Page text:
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A Simple Question

A response to Benjamin Wittes and Robert Chesney.

2:45 PM, Jul 15, 2011 • By THOMAS JOSCELYN
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My suggestion that Matthew Olsen answer questions about his work on the Guantanamo Review Task Force during his Senate confirmation hearing has clearly struck a nerve at the Lawfare Blog. There are two posts replying to my original piece – one by Benjamin Wittes and another by Robert Chesney.


Neither author challenges my central finding: the task force Olsen headed approved a large number of “high” risk detainees, as deemed by Joint Task Force Guantanamo (JTF-GTMO), for transfer. Wittes concedes: “Joscelyn is, to be sure, not wrong that the task force recommended people for transfer who previous reviews had considered ‘high risk.’” Moreover, as I wrote previously, JTF-GTMO recommended that about 75 percent of the detainees held in late January 2009 be retained in the Department of Defense’s custody, whereas the task force recommended that 65 percent be transferred.

Nothing in either Wittes’s or Chesney’s posts changes this reporting. Instead, both authors offer unconvincing reasons why no one should be concerned about this state of affairs. They are not the least bit curious as to why the task force came to the conclusions it did, or why these conclusions differed by a wide margin from JTF-GTMO’s recommendations. Wittes says he was "worried" that anyone would even dare raise this issue.

Much of Wittes’s post is devoted to congratulating himself for recommending that a task force be set up in the first place. Wittes writes, “I have a small personal stake in this brewing dispute. I called for a task force very much like the one Olsen ended up heading even before Obama was elected.” Later he adds, “And I stand by the administration’s decision to go through every detainee…and make its own determination regarding whom it did and whom it did not need to continue detaining.”

That’s great. It is also entirely irrelevant to my post as I never questioned President Obama’s decision to establish a new task force. Obama had every right to do so. I am, however, questioning the task force’s transfer decisions.

Wittes claims there is no reason to worry, however. The task force did its work “with open eyes, having reevaluated old evidence, looked at new evidence, and assessed certain resettlement opportunities that were not available to the prior administration.” Wittes adds: “To put it simply, the Guantanamo task force did a really good job on an important project. It generated options for dealing with individuals and a certain analytical clarity regarding the status which different detainees should occupy in the future.”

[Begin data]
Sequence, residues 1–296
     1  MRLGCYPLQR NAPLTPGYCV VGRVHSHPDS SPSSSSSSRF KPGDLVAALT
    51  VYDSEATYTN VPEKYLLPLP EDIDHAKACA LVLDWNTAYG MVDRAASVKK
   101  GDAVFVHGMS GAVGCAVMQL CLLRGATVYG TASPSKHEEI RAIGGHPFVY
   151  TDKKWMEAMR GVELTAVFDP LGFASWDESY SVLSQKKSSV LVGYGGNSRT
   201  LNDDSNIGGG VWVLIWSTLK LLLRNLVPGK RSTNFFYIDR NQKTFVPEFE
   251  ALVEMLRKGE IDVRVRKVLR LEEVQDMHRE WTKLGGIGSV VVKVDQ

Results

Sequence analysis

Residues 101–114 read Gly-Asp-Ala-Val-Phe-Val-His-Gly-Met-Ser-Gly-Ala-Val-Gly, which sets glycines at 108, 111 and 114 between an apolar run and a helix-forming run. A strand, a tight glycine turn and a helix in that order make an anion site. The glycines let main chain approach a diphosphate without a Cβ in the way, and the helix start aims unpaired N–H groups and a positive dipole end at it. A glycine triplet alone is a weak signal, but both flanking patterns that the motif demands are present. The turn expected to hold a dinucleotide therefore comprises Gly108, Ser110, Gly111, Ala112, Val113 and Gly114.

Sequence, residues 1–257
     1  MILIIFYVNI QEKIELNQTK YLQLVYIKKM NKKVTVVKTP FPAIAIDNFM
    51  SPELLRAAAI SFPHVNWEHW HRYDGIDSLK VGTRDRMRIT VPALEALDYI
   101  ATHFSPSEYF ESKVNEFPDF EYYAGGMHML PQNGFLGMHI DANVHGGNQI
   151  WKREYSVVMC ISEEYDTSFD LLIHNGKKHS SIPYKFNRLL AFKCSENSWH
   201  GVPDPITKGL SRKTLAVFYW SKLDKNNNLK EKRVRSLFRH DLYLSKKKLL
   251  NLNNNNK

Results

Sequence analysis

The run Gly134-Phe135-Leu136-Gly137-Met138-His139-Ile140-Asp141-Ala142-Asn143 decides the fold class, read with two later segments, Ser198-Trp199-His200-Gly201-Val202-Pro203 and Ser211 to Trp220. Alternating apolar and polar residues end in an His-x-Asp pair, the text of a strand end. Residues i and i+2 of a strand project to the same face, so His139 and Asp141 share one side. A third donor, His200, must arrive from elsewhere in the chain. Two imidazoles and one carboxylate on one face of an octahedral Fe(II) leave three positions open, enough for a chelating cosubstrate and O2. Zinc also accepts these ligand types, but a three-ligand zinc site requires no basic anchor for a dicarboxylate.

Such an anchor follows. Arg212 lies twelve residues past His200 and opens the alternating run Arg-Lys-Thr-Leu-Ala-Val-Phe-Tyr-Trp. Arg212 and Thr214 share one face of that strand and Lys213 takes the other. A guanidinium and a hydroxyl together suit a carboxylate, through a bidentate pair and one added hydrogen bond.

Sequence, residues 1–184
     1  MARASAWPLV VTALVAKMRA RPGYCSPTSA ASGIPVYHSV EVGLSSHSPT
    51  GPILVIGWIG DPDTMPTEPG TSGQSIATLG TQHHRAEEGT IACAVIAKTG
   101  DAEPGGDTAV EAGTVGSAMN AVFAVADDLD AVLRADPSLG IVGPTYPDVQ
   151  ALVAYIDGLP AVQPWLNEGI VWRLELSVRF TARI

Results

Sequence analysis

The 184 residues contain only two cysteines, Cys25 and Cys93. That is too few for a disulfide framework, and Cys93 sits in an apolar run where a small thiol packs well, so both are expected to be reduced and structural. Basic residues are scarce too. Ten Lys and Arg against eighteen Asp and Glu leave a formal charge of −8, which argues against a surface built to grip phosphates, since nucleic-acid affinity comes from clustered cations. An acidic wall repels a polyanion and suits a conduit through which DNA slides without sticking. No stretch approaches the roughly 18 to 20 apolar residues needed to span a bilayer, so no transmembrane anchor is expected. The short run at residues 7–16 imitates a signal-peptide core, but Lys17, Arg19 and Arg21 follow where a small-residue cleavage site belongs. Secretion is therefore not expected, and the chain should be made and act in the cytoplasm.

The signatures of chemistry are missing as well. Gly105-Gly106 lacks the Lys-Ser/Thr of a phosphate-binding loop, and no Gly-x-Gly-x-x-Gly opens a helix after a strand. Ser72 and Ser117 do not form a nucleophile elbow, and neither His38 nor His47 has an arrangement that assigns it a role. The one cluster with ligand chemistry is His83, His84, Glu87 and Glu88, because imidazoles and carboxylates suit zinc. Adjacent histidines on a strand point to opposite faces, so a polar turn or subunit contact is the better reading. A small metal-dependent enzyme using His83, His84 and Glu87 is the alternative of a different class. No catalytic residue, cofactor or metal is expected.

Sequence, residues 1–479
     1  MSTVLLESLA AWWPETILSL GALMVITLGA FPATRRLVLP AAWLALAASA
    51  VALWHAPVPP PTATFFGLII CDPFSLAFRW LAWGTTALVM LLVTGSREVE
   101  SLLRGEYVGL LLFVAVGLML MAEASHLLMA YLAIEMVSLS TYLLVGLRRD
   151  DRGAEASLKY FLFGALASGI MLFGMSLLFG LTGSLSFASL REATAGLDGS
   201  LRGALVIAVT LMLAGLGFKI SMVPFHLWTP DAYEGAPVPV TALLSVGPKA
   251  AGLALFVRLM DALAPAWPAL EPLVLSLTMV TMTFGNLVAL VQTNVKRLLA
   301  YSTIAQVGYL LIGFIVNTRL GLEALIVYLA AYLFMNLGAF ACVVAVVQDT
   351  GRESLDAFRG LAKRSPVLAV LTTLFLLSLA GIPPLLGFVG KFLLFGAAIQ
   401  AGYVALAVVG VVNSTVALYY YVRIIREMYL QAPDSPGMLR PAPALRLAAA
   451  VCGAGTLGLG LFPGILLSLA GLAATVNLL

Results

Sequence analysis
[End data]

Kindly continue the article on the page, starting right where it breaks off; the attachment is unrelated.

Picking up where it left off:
How, exactly, did Wittes come to these conclusions? Was he a member of the task force with access to its work? (Perhaps he was, but I don’t see any mention of it in his post.) Most importantly, does Wittes know what criteria the task force chose to employ (or was given by the Obama administration) when determining which detainees to transfer?

Towards the end of his post, Wittes has a long paragraph packed with various claims that I will break down and respond to here.

Wittes writes: “And importantly, the Obama administration has not, in fact, transferred any significant number of people from Guantanamo that the prior administration would not also have transferred had it had the chance. The difference in practice between the two administrations is largely one of opportunity, not attitude.”

First, the Obama administration’s detainee transfers came to a grinding halt for a number of national security-related and political reasons beyond the administration’s control. So, most of the detainees the administration intended to transfer, per the task force’s approval, have not in fact been transferred. Still, the Obama administration has already transferred dozens of “high” risk detainees and it is doubtful that Wittes knows which of these detainees the Bush administration would have transferred and which ones it would not have.

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